Hospital Designs Aren’t the Most Welcoming of Places, but That’s Not to Say They Can’t Offer Home Comforts Away From Home

Hospital designs from an healthcare architect

Children are the future, so we are told. However, whilst the future may look very different to the world we live in right now, largely due to there not being a robot revolution on the immediate horizon, sometimes illness or accidents occur which result in a child having to be sent to hospital. Sometimes a child may need to spend time in a Paediatric High Dependency Unit (PHDU) or the Intensive Care Unit (ICU), but there are times when they only have to be kept in the Paediatric Ward, which is still unsettling for even the toughest of tots, our architect firm has set out to make a hospital design as comfortable as possible for all children that may need to reside here for a period of time.

You must consider though that without rain (i.e., your child having to be sent to a Paediatric Ward) there cannot be flowers that bloom. The flowers in this example may be very literal, or more so there’s a metaphor here about how the hospital design for a Paediatric Ward can be brighter and more welcoming to a child and the family than they may have initially thought. This may help alleviate some initial worries about staying in a hospital. Plus, if there are actual flowers there, that’s surely enough to make anyone smile- except maybe Scrooge (or more concerningly, those with allergies).

accessible design of a hospital design

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It’s not an unknown realm to explore when it comes to either making modifications to pre-existing Paediatric Wards or healthcare architects designing them from scratch- to skilled architects and be creative with their accessible design at least. It’s no easy feat, with various criteria to meet when looking at a hospital design and all the red tape malarky to adhere to (though this is probably for the best, given the context). However, that doesn’t mean that creative talent and innovation can’t also shine through, which is something tout architect firm is certainly stocked up on- some would say more so than a hospital has face masks, but this remains unconfirmed.

It doesn’t matter what the reasoning for a child staying in the Paediatric Ward is, whether it’s a similar ailment to another, or unique to them, what’s most important (something our architect firm recognises), is that they know we aren’t all mindless drones- that’s the apocalypse yet to come. With that individuality in mind, however, comes the consideration of a fine balancing act when looking at a hospital design project.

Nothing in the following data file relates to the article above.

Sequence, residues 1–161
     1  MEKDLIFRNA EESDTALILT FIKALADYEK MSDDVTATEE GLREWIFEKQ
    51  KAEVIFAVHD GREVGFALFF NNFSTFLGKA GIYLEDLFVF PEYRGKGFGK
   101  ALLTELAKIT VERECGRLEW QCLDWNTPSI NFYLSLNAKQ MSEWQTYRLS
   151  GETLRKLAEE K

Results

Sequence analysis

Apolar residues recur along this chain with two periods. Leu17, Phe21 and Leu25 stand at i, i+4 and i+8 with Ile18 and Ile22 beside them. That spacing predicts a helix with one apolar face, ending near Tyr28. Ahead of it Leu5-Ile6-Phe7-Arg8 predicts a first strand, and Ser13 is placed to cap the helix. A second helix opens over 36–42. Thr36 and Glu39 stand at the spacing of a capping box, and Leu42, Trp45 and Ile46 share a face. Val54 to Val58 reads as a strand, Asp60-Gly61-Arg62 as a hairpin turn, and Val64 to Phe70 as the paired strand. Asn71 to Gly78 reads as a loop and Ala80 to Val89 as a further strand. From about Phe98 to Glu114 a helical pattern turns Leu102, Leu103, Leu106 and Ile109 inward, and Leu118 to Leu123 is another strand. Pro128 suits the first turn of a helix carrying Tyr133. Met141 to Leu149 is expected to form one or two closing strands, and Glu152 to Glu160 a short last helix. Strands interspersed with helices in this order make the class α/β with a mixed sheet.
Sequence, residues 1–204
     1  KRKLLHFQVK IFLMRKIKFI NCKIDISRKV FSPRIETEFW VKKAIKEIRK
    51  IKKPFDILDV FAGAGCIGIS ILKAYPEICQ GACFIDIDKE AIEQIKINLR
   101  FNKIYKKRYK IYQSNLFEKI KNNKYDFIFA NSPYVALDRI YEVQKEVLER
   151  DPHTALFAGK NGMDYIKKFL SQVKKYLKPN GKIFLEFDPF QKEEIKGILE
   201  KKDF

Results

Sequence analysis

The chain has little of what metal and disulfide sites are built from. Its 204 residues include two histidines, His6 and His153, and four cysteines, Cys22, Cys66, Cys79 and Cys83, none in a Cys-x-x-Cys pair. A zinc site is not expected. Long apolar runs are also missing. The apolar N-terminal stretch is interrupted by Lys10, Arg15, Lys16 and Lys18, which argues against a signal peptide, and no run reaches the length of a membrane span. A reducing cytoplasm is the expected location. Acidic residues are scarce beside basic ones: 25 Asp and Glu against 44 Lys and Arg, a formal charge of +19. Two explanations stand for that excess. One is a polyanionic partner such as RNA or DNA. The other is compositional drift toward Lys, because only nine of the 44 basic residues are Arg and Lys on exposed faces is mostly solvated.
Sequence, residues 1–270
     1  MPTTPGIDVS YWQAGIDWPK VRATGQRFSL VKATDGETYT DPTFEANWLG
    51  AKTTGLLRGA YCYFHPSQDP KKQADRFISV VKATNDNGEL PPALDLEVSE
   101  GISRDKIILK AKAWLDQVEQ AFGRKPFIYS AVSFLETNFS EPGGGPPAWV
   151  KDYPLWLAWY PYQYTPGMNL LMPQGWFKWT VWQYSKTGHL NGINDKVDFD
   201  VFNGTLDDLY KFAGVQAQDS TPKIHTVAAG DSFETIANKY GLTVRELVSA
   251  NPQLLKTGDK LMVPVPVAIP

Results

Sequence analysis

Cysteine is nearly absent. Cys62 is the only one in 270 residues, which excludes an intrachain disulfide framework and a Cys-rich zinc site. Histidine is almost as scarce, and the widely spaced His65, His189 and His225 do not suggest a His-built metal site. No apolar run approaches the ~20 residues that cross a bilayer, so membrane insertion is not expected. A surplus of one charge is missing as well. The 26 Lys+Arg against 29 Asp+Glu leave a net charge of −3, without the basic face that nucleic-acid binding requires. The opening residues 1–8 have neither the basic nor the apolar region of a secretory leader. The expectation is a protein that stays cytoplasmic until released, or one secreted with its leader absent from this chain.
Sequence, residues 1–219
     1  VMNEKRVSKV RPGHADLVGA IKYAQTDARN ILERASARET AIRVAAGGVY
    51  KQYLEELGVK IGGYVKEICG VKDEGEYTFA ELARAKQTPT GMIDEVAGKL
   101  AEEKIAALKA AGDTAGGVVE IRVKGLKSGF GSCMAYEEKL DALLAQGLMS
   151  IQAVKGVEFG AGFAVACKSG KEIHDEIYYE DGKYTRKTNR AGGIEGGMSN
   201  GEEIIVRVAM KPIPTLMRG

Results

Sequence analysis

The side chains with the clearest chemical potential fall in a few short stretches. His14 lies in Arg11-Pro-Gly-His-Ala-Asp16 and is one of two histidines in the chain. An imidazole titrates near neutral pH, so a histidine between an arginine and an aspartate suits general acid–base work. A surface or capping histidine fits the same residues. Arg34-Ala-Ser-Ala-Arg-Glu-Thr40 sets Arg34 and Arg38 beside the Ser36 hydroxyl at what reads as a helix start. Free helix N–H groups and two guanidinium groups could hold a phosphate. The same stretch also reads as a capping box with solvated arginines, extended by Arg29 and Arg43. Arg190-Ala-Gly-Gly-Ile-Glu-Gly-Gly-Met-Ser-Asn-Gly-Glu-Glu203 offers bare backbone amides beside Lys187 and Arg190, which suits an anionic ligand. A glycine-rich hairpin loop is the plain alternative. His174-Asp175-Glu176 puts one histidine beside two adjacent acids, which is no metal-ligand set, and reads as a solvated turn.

Due to the high numbers of children that will be in and out of a Paediatric Ward over even the course of a few months, designing an area individual to every single one would be virtually impossible. However, our healthcare architects believe there is still a positive way of considering things because a Paediatric Ward project can still cater to the needs of a child in a more general sense and allow for an accessible design with a sense of individuality for those inside during their stay.

accessible design for healthcare architecture

Contact us today to speak to one of our advisors and start your journey – 01746 768191

Our Healthcare Architects Provide an Accessible Design in a Creative Form

For example, the positioning of equipment in relation to each bed, and the number of beds inside a Paediatric Ward, may have to stick to a rigid set of criteria, but there are ways to make even this feel more homely. Simple hand-drawn/painted designs on the wall may offer comfort and distraction to a child on the ward, whilst the simple addition of a more creative-looking lamp (not a ‘boring’ office lamp) on a colourful bedside table can make all the difference. Not only that but provided they are allowed to interact with other children and areas within the ward, designing social areas or a games room are even more ways to keep children feeling calm and safe during their stay, whilst also reminding parents and family that it’s understood these are children and they just need some reassurance. This is a notion our architect firm fully supports.

Not only do numerous factors need to be considered when our healthcare architects look at designing a Paediatric Ward in which several children may be in close proximity, but there are also those that may be admitted to a Paediatric Ward but require their own personal room. This could be for a number of reasons, so it’s important to ensure the same standards are met for these individual rooms (which may require very specialist equipment) whilst still allowing for creativity and innovation to shine through and help a child and their families feel more at peace during their stay.

Innovation and creativity are at the forefront of how our architect firm sets about tackling new projects. Numerous hospital design projects that have already been successful and often approved first time showcasing our reputable skillset and talents, but also have the benefit of allowing for others to notice our work and incorporate it into their own accessible design healthcare architecture projects. After all, what benefits one can benefit all. Our architect firm understands it’s about more than business, especially when it comes to the sensitive subject of dealing with a child and loved ones, it’s about building relationships as well as building actual structures.


Floor plan of hospital design by our architect firm


Contact us today to speak to one of our advisors and start your journey – 01746 768191

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